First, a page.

That’s not to say Mitchell is poor - although there is the suspicion that he is occasionally phoning it in during some of the lesser episodes this time around - but he has the problem that he doesn’t have as much to work with in some episodes as previously. After a superb first episode (of which more in a moment) he looks a little lost for much of the time. The main problem is that Mark’s storyline just isn’t as compulsive or sympathetic as it has been in the past. For the first two years, we’ve watched him squirming as he tries to cope with his crush on Sophie, supplemented in the second year by the exquisite torture of watching her then-boyfriend Jeff thumbing his nose at him at every opportunity. This despair was at the heart of what Peep Show is about, the backbone of the existential angst the show sets out to portray, but now that he’s actually got it together with Sophie a certain degree of that tension dissipates. The problems of this series - can his relationship with Sophie survive her move? Is she really the woman of his dreams? Just what do they have in common? - could have been as interesting, but Sophie’s absence for long periods of the show ensure they’re not as vital or intense: ultimately, a long distance relationship is even less satisfying to watch than it is to endure, and Mark’s (apparently well-grounded) suspicions that she is playing away from home is not developed particularly well. Some of the angst is restored in the finale (and is well played by Mitchell), but by then the thread of the couple has been lost, and it’s difficult to muster up any sort of reaction to his involuntary proposal, or feel for him in the same way we did when he knew what Jeff and she were up to.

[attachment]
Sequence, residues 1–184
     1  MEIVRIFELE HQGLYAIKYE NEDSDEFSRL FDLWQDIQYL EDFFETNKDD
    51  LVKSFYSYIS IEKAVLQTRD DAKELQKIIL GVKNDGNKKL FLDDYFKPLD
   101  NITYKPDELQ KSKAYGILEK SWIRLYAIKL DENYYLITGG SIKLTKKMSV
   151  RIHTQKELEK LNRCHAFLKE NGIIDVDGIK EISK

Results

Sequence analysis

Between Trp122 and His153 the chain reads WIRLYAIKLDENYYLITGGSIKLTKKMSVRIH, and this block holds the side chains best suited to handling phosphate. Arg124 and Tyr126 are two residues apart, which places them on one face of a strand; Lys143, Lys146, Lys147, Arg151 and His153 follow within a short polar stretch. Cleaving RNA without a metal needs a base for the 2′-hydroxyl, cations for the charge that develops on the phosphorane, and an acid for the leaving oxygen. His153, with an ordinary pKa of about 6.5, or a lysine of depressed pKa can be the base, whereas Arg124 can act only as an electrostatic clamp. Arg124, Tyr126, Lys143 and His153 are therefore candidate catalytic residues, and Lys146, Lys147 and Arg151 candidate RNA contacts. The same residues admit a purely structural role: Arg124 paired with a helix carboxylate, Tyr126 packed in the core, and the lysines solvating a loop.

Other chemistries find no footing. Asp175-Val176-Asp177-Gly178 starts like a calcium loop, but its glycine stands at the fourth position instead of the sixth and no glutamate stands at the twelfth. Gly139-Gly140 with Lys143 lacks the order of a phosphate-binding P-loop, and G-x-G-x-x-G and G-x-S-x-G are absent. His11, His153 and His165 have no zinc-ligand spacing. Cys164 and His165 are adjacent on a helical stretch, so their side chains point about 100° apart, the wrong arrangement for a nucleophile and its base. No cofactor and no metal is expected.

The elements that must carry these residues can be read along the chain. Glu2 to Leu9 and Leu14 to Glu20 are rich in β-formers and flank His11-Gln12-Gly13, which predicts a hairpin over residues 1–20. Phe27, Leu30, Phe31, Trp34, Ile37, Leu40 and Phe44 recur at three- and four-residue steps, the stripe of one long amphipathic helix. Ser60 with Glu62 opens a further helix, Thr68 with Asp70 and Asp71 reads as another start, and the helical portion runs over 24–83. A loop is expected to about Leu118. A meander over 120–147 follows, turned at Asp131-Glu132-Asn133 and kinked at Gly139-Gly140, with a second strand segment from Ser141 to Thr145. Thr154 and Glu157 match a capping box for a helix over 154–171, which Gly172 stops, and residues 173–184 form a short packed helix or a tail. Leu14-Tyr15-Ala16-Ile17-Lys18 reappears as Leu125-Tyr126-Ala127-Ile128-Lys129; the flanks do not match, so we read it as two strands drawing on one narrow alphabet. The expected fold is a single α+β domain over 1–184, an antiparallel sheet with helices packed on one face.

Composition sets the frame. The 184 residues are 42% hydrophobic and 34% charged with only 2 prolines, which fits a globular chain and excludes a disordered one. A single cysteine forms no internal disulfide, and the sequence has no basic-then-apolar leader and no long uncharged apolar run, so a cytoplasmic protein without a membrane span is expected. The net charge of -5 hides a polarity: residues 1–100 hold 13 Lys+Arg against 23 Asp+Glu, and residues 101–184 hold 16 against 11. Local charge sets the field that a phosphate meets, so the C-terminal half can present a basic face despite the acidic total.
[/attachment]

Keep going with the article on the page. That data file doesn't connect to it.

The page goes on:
That’s not to say he doesn’t have his moments. Indeed, this series has perhaps his Finest Hour when, at the end of Jurying, he gives a speech to some stoners before kicking them out of the flat (“You're not a bad person, but I'm afraid to say you are a moron”), and there’s at least one other quintessential Mark scene at the end of Shrooming, one which is very possibly his worst nightmare. His best overall episode, however, is the first, Mugging, which, despite writers Armstong and Bain’s qualms on their commentary, is a very strong show and one which perhaps more than any other is a perfect summary of what the show is about, a portrayal of two young men trying to fathom out the society in which they live, their place in it and how they should survive. Although not the funniest of the six - as mentioned, I think Shrooming holds that crown - it is thematically the strongest.

Regarding the secondary characters, it’s a shame but understandable that Neil Fitzmaurice’s Jeff is consigned to a handful of scenes, his character now essentially redundant, but boss Johnson (Paterson Joseph) gets a starring role as the cavalry who comes to Mark’s rescue in Shrooming in another highlight from that episode. Meanwhile King’s Super Hans is as amusing as ever and a highlight of the below-par episodes Sectioning and Quantocking, while Sophie Winkleman makes for a welcome addition to the cast as the oft-mentioned but never before seen Big Suze. Originally Jeremy’s wife Nancy, played by Rachel Blanchard, from Series Two was going to return, but Blanchard had other commitments in the United States so the scripts were hastily rewritten to include Big Suze instead. It’s a credit to Winkleman that, after hearing of the character for so long, her appearance is not a letdown. At first one wonders what on earth she could ever have seen in Jeremy as they seem totally unsuited until it becomes clear that she is mind-bogglingly dense, and as such a perfect fit. She has charm and never overplays her hand.